First day in Korea

Trip Start Aug 26, 2005
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Trip End Dec 22, 2005


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Where I stayed

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Friday, September 23, 2005

Dear friends and family,

I'm going to try to recall what we did in Korea. We did so many things that it started running together. At first I want to share my impression on Korea. It is a very friendly country and Korean people likes for us to use their language even with very limited vocabularies. They all smile every time I say, "Anyon Haseyo" meaning hello. I used "Kamsa humnida" a lot. This means thank you. The city of Seoul looked like Tokyo a lot. Korean people look like Japanese, and even little shops, ally ways, and store fronts look like in Japan except all the writings are in Korean. I felt very at home in Korea and people thought I was a Korean, so they started talking to me in Korean all the time. The smell of this city is very typical of Korean with kimuchi smell. As I expected I was the only one enjoying all kinds of kimuchi the whole time I was there. I even asked our students if I could eat their kimuchi. Of course they said, "Please!"

The Sumerset Palace apartment we stayed was a 5 star hotel. Our room was on the 12th floor and the building had 18 floors. We could see the palace entrance from our window. This apartment opened 4 months ago, so it was practically brand new. The décor was modern and sleek. The furnishing was like Swedish in light color wood. The bed was so comfortable with feather comforter with white cotton duvet. On the coffee table there were 2 cup-a-ramen, a box of cookies, box of Ritz cracker with cheese, instant coffee/mocha, tea bags, and green tea bags. The HUA director, Pam Little, met us for orientation and brought pizza for us to eat. I was still full, so I didn't eat pizza, but Marvin had some leftover from eating at Outback Steak House that night for supper, so I ate that. Outback Steak House is very popular in Korea.

On Monday, Aug 29th (Our 36th Anniversary) after having a full breakfast at the hotel, even had a pottage soup (cream soup). They had a machine to make espresso, cappuccino, and coffee. Mango juice was delicious. I had a piece of sausage, scrambled eggs, one piece of French toast, strawberry yogurt, a few slices of water melon, Japanese melon, a banana. Didn't I say I had a full breakfast? We walked to Gyeongbok Palace with our guide named Austin. She is a Korean in mid 30's. She was an excellent guide and very funny. She was the guide for us for our entire stay in Korea. As we entered this palace, all the students said, "ooooooh!" because they saw a beautiful pagoda and a big mountain in the background. I knew then this was a good choice to stop over before going to Australia. They noticed and appreciated the different culture and beauty of it all. We then toured the folk museum. I wish we had more time to look around at this place. We had to go to another palace called Changdeok where we saw the changing of the guard with Korean costume. At noon we went to a restaurant owned by a monk and had a vegetarian temple food. Students tasted kimuchi for the first time. None liked it. They tried most of the rest of the vegetable dishes. After lunch we boarded onto a chartered bus driven by Mr. Park (Korean) and went to 63 building where we saw the unobstructed panoramic view of Seoul. It was hazy and pollution was bad there, so it wasn't quite clear. We went back to our apartments, freshened up ourselves (It had been very humid.), and went to eat at a Korean barbecue restaurant. Students really liked this dish. The waitresses brought hot charcoal in a bucket type thing and put it in the middle of the table, put a grill plate on, and we grilled sliced pork. When the pork was done, we put a leaf of lettuce on the palm of our hand, put a dab of hot paste, added small amount of rice, and put barbecued pork and other vegetables. Then we wrapped and ate it. It was so good.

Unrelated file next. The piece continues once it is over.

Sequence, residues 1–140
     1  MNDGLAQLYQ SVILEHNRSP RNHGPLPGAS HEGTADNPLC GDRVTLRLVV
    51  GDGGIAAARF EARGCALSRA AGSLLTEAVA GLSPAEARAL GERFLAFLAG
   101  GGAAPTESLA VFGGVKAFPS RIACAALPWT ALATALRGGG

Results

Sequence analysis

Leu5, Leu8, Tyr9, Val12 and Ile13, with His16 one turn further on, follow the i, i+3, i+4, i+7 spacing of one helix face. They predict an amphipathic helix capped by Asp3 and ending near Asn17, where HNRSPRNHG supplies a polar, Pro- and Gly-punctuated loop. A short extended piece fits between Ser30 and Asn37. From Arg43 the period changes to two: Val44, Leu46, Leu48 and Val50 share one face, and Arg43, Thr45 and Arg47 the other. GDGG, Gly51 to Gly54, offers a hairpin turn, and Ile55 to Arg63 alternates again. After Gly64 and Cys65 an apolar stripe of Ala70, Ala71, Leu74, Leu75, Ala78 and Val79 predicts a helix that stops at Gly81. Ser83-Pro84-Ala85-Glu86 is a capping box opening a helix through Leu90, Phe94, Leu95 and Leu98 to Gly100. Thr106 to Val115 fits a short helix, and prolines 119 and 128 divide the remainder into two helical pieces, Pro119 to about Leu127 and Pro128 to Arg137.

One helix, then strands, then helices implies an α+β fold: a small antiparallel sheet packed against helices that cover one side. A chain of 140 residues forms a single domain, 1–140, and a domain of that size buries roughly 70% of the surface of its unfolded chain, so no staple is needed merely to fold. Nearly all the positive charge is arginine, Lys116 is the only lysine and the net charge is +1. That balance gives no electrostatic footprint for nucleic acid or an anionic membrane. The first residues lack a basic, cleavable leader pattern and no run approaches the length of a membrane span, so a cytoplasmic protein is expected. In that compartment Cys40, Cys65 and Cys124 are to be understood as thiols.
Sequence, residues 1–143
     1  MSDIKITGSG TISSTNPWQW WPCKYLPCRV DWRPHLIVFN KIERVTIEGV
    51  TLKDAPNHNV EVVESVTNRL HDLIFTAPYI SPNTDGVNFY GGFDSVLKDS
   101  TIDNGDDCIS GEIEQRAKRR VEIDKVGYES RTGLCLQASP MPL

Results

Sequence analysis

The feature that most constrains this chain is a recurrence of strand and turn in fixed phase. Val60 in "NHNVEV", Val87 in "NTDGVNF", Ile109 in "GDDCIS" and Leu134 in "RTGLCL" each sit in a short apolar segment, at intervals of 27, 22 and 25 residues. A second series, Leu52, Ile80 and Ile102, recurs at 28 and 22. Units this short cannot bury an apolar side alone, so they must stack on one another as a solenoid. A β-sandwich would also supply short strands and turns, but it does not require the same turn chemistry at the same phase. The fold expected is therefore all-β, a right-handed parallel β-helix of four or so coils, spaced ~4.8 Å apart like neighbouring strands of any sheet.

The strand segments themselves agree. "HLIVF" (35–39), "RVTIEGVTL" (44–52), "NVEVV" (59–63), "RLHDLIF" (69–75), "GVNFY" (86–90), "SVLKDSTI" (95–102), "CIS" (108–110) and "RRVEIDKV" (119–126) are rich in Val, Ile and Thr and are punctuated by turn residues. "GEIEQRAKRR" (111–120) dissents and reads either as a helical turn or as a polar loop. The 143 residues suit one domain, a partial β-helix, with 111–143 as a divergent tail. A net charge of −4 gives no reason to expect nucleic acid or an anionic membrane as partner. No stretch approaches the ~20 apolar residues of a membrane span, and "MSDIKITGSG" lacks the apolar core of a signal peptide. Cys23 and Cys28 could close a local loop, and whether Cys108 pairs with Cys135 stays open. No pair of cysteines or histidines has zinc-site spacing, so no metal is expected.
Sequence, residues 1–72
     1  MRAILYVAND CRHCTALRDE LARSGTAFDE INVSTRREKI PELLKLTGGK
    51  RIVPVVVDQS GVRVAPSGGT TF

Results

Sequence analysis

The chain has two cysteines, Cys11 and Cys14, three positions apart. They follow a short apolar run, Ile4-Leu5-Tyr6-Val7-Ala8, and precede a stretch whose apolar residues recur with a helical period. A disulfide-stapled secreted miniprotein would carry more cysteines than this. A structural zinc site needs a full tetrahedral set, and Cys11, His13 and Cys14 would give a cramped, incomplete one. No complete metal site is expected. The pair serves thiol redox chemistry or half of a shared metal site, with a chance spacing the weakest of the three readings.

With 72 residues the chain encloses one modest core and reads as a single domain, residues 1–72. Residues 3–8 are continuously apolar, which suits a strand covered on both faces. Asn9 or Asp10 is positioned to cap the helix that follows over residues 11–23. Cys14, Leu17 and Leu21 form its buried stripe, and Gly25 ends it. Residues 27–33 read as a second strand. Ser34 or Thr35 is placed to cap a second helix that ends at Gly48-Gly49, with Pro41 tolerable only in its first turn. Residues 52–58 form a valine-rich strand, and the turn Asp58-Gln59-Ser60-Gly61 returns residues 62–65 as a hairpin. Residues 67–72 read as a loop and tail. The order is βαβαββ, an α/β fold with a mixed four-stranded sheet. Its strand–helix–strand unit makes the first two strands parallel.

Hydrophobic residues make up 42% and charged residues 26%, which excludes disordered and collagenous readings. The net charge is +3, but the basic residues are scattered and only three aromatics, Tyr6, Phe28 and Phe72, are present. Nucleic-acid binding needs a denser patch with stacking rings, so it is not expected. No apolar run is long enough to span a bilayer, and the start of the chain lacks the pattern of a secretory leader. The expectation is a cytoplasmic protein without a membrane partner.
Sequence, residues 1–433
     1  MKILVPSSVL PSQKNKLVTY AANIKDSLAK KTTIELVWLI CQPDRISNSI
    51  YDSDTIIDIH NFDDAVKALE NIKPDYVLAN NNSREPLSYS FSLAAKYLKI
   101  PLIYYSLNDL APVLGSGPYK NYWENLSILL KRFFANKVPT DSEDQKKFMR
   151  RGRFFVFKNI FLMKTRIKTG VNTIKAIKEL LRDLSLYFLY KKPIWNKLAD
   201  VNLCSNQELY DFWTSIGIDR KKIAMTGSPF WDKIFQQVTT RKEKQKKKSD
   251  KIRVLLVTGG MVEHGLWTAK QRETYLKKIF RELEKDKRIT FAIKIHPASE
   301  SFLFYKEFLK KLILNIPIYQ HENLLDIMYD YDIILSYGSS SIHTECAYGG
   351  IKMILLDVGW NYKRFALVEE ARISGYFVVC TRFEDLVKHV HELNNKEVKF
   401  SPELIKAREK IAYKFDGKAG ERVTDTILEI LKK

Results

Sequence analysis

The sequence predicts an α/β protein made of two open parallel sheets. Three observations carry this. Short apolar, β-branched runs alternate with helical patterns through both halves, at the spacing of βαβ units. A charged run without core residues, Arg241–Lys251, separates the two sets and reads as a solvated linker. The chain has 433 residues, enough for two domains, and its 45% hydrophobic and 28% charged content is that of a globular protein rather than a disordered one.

That night we went to a show called Nanta. This was the most entertaining show I had ever seen. I laughed all the way. The non-verbal show tells of three crazy chefs and a mischievous assistant who are assigned to cook a major wedding banquet within a strict time limit. These chefs create passionate and thunderous beats with all kinds of cooking utensils, including pots, pants, knives, spoons, plates and garbage cans. It was exciting to see chopping vegetables on blocks with sharp kitchen knives. Their huge international success has finally opened a way to Broadway. We had a full day of activities.
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Comments

khorton
khorton on

Nanta
The 'Nanta' sounds exciting and fun--will have to watch for it in our country--or at least something like it. . .

Never acquired a tase for kimuchi when in Okinawa--couldn't get past the smell. . .

I am really enjoying reading about your adventures--thank you for posting all of this!

Karen

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